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This is a pretty pot that cleans up beautifully. These ceramic lined aluminum pots and pans clean great until the very day that they don't, and there doesn't seem to be any way to predict how long they'll last. My record is 4 years of every day use. Short record is three months. Don't use the dishwasher. Don't use the scrubby side of the sponge.
I love the look of these! But the handles are a bit wobbly, and steam shoots out of the handle on the lid! Burnt hands! You also need to use silicone covers for the pot, because they are extremely hot when in use!
This pan looks so cute. Although it is so expensive, I still decided to buy it for its cute look. But the quality is quite disappointing. The handle becomes super hot very quickly. I definitely do NOT recommend buying it. I will not buy again.
yes its pink and its cute and i love it but its really not 5 pieces.. i mean technically i guess if u count the lids which is what they did. but in actuallity its only a 3 piece so only for that reason is why i gave 3 stars
3.0 out of 5 starsVery attractive, but it needs care in use.
Reviewed in the United States on 3 October 2014
This is a gorgeous little casserole with a lot going for it. It's small enough to cook for one or two. Being aluminum, it heats up (and cools down) a lot faster than an enamled iron casserole, and heat distribution is more even than a steel pan. It has a built in steam vent in the lid that allows it to vent without building up pressure. It's much lighter than an iron casserole. (I'm calling it a casserole, even though the maker calls it a stockpot as it's far too small to be of any use in making stocks.) But it has its share of shortcomings, too.
The all-aluminum construction means that the handles heat up as quickly as the rest of the pot. You get a set of color-matched silicone rubber grips included with this pot, but if your kitchen is like mine, you're not going to go searching through a drawer full of kitchen accessories when you need to move it off the fire. The vent in the handle seems like a great idea, but it also means you can get a nasty burn from the steam escaping when making a pot of pasta or oatmeal. You can't use it in the oven, thanks to the synthetic grip on the lid. The instructions warn against using metal implements in it. It's fine for light duty use- heating soup, steaming vegetables, that sort of thing- but you can't brown meat or vegetables in it to make stock and I would be cautious about using very high heat on the range.
And it's not cheap. For the same price, you can get an enameled cast-iron Dutch oven from Lodge that will probably outlast this pot, that you won't have to baby, and which can do double duty on the range or in the oven. Good cast iron ware can outlast the owner; I have Lodge cast iron ware I've owned for almost 40 years. So high points for attractiveness, but I think this is one piece of kitchenware I'll reserve for serving rather than for cooking.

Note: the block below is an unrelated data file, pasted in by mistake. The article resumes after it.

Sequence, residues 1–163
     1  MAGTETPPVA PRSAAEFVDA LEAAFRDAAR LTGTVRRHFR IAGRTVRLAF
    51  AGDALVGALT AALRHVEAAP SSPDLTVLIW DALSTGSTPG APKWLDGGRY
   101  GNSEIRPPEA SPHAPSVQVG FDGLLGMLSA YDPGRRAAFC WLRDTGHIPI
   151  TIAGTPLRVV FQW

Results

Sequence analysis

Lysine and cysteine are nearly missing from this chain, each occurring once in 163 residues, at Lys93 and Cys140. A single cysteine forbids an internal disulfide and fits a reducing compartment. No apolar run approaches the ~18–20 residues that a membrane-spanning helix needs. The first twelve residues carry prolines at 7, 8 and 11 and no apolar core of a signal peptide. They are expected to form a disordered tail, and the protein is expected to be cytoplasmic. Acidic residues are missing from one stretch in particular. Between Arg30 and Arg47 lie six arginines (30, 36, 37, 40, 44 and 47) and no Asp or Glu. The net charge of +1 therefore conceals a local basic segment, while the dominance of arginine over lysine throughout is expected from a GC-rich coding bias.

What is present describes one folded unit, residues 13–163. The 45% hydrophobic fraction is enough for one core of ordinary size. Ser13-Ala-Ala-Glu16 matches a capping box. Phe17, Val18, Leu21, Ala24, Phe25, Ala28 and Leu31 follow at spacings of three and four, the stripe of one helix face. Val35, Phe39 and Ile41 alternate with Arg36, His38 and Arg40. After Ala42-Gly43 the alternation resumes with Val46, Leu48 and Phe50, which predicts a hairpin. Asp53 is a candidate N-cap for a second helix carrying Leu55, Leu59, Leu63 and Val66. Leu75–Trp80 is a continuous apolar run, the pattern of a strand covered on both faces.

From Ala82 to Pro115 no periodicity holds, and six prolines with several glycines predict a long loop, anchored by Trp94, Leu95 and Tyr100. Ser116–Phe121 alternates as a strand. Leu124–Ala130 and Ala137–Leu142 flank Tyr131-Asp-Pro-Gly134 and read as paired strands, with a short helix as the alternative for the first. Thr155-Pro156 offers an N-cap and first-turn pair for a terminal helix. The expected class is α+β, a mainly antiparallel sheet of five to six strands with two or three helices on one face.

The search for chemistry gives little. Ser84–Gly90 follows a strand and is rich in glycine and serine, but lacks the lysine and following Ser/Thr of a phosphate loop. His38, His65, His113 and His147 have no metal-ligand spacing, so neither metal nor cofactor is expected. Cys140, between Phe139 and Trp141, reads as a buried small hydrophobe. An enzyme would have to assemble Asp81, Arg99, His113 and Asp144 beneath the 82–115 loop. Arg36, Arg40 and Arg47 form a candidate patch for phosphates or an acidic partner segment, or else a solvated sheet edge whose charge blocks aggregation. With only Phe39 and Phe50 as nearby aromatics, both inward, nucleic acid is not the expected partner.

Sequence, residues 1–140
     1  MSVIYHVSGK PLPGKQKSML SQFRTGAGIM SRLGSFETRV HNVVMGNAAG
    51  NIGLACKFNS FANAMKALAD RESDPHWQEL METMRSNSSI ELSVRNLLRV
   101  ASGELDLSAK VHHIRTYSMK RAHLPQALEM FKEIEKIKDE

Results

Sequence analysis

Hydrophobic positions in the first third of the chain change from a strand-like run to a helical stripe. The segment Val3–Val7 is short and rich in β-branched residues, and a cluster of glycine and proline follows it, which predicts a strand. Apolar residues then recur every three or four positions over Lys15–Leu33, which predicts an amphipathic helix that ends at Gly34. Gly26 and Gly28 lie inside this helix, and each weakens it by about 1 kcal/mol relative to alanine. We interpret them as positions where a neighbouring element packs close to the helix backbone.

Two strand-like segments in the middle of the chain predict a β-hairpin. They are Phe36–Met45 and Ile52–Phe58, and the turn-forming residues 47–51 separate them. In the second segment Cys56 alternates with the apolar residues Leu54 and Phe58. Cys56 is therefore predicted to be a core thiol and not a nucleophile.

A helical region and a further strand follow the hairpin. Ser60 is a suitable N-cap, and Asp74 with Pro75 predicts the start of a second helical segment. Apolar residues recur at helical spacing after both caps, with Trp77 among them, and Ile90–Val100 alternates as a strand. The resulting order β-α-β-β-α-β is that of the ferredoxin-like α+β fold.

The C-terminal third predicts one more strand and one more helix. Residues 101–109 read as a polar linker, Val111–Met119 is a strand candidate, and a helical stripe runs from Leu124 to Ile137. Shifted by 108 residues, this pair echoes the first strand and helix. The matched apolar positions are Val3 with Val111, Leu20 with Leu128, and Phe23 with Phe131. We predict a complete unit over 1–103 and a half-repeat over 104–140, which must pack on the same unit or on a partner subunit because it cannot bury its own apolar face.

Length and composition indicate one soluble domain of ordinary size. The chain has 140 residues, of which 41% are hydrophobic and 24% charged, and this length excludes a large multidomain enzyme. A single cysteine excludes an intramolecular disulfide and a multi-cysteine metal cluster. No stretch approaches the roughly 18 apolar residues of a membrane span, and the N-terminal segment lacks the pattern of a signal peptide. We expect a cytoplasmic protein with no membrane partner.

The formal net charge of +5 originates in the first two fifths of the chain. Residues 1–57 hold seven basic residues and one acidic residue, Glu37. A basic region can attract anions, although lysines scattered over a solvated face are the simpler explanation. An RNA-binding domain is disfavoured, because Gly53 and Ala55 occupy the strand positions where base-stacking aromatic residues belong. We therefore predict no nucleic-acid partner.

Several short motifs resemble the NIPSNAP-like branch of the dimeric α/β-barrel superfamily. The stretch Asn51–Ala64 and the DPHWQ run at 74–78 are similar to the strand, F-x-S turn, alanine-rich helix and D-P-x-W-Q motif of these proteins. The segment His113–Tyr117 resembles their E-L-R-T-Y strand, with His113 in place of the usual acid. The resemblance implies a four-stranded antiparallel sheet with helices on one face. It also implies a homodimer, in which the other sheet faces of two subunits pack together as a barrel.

Addendum: Since writing this review I've found that this pot is good for making my morning steel-cut oatmeal. Unlike the steel saucepan I've been using, the oatmeal doesn't stick, and since there are no hot spots, burning isn't a problem. It's good for low temperature braising of vegetables, too. For that reason I've decided to give it another star, but my cautions about the handles, the steam vent, and price still apply.
Six week followup: I've been using this little pot more and more, for everything from my morning oatmeal to soups, vegetables, stews... anything that can be made in a pot. The fast and even heating is a big plus over the stainless steel pan I've been using. I was tempted to give it another star, except for one thing: The coating inside is starting to show signs of flaking off. It's still just a dozen pinhead-sized flakes, but that's not something I expected to see so soon, especially as I only use plastic, wood, and silicone implements in this pot. I have on a few occasions used a porcelain spoon, which is hard, but it doesn't have any sharp edges- it's very smooth over all. I'll be monitoring this over the coming months, and if it gets worse, I'll make note of it here.
Three month followup: It continues to shed flakes of the non-stick coating, even though I'm very careful to use only wooden or plastic spoons and silicone rubber spatulas. I still like to cook in it, but my feeling is that given the asking price, the coating is just too delicate. If I were to spend seventy bucks on a pot I'd expect it to last for decades. For that reason I took off the fourth star I'd added.